Ethiopian arts festival Sigdiada endures online

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Sigdiada started in 2012, and this year it marks its ninth edition.

“I chose not to be a priest, I chose to be an actor,” said Shay Pardo, an Ethiopian-born performer who founded and runs Sigdiada, a celebration of Ethiopian art and life, which took place from November 26 to 28 at Habimah Theater, but without an audience, due to the pandemic.
Pardo was born in Ethiopia to a family of kessim (spiritual leaders of the Ethiopian Jewish community), and said, “My grandfather was the kohen of kohanim.”
Choosing to become an entertainer instead, Pardo has founded and run several theater companies, including Natale Theater. He has also written and performed a one-man show, Gur Aryeh Yehuda, and appeared in classical theater, including Shakespeare and Chekhov at theaters such as the Khan in Jerusalem, as well as appearing in a number of films and television shows.
But while he isn’t a priest, he sees himself as following in the spirit of his grandfather.
For Pardo, it’s important to present a festival celebrating Ethiopian culture following the Sigd holiday, an Ethiopian religious holiday that has become a national holiday in Israel, and equally important that it be presented at Habimah, Israel’s national theater.
Sigdiada started in 2012, and this year it marks its ninth edition. Pardo convinced the Habimah management that audiences would turn out in large numbers for the festival.
“I wanted it to be in the mainstream of culture, in Habimah,” he explained.
He was inspired by the Apollo Theater in New York City, which presents African-American music and theater.
“It’s in Manhattan, in the heart of New York,” he said.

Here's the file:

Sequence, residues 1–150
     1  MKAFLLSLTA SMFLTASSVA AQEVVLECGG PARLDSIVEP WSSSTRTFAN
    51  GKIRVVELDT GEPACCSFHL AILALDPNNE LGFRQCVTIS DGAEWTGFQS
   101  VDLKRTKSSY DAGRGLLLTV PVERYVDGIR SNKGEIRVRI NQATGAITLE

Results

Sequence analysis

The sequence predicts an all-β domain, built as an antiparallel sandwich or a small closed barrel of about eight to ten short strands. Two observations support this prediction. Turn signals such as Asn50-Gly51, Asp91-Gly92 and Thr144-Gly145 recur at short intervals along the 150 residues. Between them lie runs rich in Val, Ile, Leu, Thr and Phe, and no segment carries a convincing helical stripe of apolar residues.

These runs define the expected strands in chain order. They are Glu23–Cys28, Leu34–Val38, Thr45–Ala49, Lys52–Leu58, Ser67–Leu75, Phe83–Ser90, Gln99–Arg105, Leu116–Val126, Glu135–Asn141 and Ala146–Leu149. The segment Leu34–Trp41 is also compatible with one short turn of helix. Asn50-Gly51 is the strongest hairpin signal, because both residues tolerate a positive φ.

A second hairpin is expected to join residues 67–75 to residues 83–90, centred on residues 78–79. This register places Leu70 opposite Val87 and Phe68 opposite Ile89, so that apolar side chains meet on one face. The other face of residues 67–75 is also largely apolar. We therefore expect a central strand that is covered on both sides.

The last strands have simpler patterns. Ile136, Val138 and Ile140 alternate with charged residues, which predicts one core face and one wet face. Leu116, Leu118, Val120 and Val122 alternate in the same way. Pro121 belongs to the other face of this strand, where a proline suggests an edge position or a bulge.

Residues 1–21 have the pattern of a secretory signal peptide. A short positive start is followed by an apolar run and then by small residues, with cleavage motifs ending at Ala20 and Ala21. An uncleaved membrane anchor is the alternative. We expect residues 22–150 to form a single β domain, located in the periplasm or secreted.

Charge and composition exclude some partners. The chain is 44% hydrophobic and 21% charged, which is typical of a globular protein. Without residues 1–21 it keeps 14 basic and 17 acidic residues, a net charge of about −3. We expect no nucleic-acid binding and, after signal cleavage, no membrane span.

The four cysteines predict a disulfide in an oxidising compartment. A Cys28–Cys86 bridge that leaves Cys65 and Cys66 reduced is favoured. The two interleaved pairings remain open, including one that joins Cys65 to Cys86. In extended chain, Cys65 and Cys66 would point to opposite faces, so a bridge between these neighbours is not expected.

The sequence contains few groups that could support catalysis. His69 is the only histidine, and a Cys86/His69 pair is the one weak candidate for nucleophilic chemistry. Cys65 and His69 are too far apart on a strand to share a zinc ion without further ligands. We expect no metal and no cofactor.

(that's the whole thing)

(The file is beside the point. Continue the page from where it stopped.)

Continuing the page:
“I knew that it would have to be high-quality, with the best professionals,” he said. “I don’t like culture that is done in community centers, with no professionals…. There is a lot of talent in the Ethiopian community. The performers had never been given the opportunity before to shine in such a venue before.”
While he acknowledged that most Israelis of Ethiopian descent live in the periphery, he insisted that the mainstream would embrace Sigdiada, and it has.
“About 30% of those who attend are Ethiopian,” he said. “But others came and said, ‘Ethiopian culture isn’t what we thought it was. It’s on an international level.’”
Performers such as Tzvika Adar, Ehud Banai and Koby Oz collaborated on the festival in past years and helped put Sigdiada on the cultural map.
The festival features music, dance and theater, with many performances geared for the whole family. This year there will be a special emphasis on dance, and there will be interactive performances where dancers will teach viewers at home nine styles of Ethiopian dance.
Among the highlights of this year’s festival will be Avera, a musical with Pardo about the journey of a child in an Ethiopian village who leaves and returns at the age of 90 to draw the views that shaped his life. It is based on a book and an exhibit at the Israel Museum. Another performance will feature Ethiopian piyutim, or liturgical poems of devotion.
There will be lectures on aspects of Ethiopian culture by a number of academics, including Prof. Edwin Seroussi, a musicologist, and Dr. Rose Brown. Among those taking part in panel discussions will be Aliyah and Integration Minister Pnina Tamano-Shata.
Normally, the festival would include Ethiopian food and crafts at the theater, but that will have to wait until next year. So will the addition of another city. But Pardo is sure that the festival will provide a welcome distraction from the stress of the coronavirus crisis.
Sigdiada is changing the way Ethiopians are perceived in Israel, Pardo said. “It’s like when someone goes to see a beautiful view and he gets there and he likes it. But if he goes on for another five or 10 minutes, he will see a different view.”
(The Jerusalem Post)